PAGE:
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Selective If inhibition:new frontiers inthe management of coronary disease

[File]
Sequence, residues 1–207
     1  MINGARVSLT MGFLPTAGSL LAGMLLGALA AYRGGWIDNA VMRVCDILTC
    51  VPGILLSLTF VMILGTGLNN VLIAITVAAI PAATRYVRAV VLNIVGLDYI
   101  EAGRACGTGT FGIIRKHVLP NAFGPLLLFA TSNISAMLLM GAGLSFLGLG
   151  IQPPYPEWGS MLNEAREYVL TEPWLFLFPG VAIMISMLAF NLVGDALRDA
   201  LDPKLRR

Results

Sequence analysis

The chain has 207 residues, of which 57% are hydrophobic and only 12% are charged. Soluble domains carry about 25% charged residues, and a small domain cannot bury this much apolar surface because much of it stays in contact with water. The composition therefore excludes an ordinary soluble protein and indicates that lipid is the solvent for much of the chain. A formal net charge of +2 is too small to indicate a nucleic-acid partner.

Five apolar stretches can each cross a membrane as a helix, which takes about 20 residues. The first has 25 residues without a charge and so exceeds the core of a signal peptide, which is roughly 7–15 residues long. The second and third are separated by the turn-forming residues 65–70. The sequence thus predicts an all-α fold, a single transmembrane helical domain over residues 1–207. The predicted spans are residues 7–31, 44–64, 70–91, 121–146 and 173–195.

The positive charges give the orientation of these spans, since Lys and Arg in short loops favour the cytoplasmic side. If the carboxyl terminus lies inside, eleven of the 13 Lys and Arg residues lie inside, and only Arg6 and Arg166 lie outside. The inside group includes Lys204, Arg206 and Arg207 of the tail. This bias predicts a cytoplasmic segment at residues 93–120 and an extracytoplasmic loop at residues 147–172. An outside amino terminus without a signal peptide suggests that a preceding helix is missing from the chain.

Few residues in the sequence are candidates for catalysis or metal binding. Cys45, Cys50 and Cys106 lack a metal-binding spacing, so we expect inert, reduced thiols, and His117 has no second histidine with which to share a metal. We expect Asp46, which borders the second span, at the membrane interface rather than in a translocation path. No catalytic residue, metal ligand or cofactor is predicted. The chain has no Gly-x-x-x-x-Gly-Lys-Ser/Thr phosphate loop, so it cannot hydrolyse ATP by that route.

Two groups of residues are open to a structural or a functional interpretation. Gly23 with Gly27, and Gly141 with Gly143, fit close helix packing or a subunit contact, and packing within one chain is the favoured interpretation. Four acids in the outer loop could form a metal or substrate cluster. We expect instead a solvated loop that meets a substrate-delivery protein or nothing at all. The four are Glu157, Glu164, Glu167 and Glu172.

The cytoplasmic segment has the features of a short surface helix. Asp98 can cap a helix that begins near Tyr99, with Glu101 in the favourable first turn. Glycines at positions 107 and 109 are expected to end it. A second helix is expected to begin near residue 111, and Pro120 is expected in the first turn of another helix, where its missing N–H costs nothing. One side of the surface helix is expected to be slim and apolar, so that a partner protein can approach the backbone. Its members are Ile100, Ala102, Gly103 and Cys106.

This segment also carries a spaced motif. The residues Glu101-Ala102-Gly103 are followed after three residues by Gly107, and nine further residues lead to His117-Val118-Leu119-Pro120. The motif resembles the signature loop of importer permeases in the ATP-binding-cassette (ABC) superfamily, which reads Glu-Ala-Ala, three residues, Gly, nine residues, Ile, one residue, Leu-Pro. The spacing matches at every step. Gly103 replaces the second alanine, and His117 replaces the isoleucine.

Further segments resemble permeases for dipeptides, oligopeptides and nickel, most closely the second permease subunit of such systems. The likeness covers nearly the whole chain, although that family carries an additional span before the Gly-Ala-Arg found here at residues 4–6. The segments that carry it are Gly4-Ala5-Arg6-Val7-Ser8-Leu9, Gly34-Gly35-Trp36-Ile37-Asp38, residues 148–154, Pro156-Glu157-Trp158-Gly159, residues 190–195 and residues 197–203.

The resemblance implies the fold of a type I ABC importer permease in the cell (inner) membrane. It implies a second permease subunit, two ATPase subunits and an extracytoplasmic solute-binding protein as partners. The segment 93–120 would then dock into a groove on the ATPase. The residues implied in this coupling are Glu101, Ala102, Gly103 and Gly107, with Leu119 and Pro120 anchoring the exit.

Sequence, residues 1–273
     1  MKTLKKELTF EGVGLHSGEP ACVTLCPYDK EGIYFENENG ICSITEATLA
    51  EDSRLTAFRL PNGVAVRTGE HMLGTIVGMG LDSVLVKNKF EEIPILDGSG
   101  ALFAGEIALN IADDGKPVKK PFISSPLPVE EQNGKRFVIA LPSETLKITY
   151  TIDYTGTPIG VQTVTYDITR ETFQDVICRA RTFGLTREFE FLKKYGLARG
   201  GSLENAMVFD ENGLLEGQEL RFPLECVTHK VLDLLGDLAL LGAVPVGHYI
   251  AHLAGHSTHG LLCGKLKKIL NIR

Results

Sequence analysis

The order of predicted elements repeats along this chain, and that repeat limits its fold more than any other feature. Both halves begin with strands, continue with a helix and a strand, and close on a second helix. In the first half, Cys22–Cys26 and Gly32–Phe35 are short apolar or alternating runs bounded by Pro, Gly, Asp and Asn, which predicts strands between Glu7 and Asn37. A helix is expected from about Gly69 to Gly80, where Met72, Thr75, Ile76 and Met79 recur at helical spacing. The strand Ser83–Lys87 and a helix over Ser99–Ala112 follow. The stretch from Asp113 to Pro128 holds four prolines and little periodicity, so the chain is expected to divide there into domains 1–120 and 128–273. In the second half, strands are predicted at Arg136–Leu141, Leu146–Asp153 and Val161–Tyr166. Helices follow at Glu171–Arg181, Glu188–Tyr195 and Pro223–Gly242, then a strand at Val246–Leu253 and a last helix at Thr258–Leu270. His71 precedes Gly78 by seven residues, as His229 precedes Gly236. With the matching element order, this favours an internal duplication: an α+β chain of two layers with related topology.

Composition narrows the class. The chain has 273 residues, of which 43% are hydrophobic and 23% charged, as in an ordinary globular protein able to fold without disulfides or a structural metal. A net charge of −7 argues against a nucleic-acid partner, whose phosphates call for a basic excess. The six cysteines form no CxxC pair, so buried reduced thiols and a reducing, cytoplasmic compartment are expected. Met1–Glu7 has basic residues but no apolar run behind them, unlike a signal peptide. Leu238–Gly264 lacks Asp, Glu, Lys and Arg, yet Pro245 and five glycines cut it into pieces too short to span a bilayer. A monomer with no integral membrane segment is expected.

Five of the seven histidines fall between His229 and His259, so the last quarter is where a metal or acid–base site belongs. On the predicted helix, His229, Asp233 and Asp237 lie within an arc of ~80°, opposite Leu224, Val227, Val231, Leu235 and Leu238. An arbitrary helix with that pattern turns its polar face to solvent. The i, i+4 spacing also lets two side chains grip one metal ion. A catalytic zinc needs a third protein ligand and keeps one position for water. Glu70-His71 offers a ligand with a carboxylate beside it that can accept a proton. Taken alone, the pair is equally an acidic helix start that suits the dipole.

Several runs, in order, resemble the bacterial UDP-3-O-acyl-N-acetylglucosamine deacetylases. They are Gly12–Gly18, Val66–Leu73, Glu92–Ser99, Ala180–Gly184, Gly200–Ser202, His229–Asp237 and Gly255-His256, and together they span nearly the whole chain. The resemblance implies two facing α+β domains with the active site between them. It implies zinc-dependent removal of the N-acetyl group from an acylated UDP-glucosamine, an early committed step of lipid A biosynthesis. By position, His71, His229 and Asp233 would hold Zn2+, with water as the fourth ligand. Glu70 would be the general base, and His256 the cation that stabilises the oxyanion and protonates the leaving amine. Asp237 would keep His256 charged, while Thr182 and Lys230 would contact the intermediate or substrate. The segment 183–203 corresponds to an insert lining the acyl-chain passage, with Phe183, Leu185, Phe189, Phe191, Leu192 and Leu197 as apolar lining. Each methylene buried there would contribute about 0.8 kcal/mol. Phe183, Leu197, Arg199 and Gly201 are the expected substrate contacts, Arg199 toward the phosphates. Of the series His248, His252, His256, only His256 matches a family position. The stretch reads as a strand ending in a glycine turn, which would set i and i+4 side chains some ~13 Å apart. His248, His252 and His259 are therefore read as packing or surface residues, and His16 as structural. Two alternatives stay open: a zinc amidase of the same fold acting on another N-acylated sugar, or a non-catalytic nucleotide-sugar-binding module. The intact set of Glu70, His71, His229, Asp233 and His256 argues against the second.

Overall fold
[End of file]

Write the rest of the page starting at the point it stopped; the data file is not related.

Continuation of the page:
By R. Ferrari and K.Fox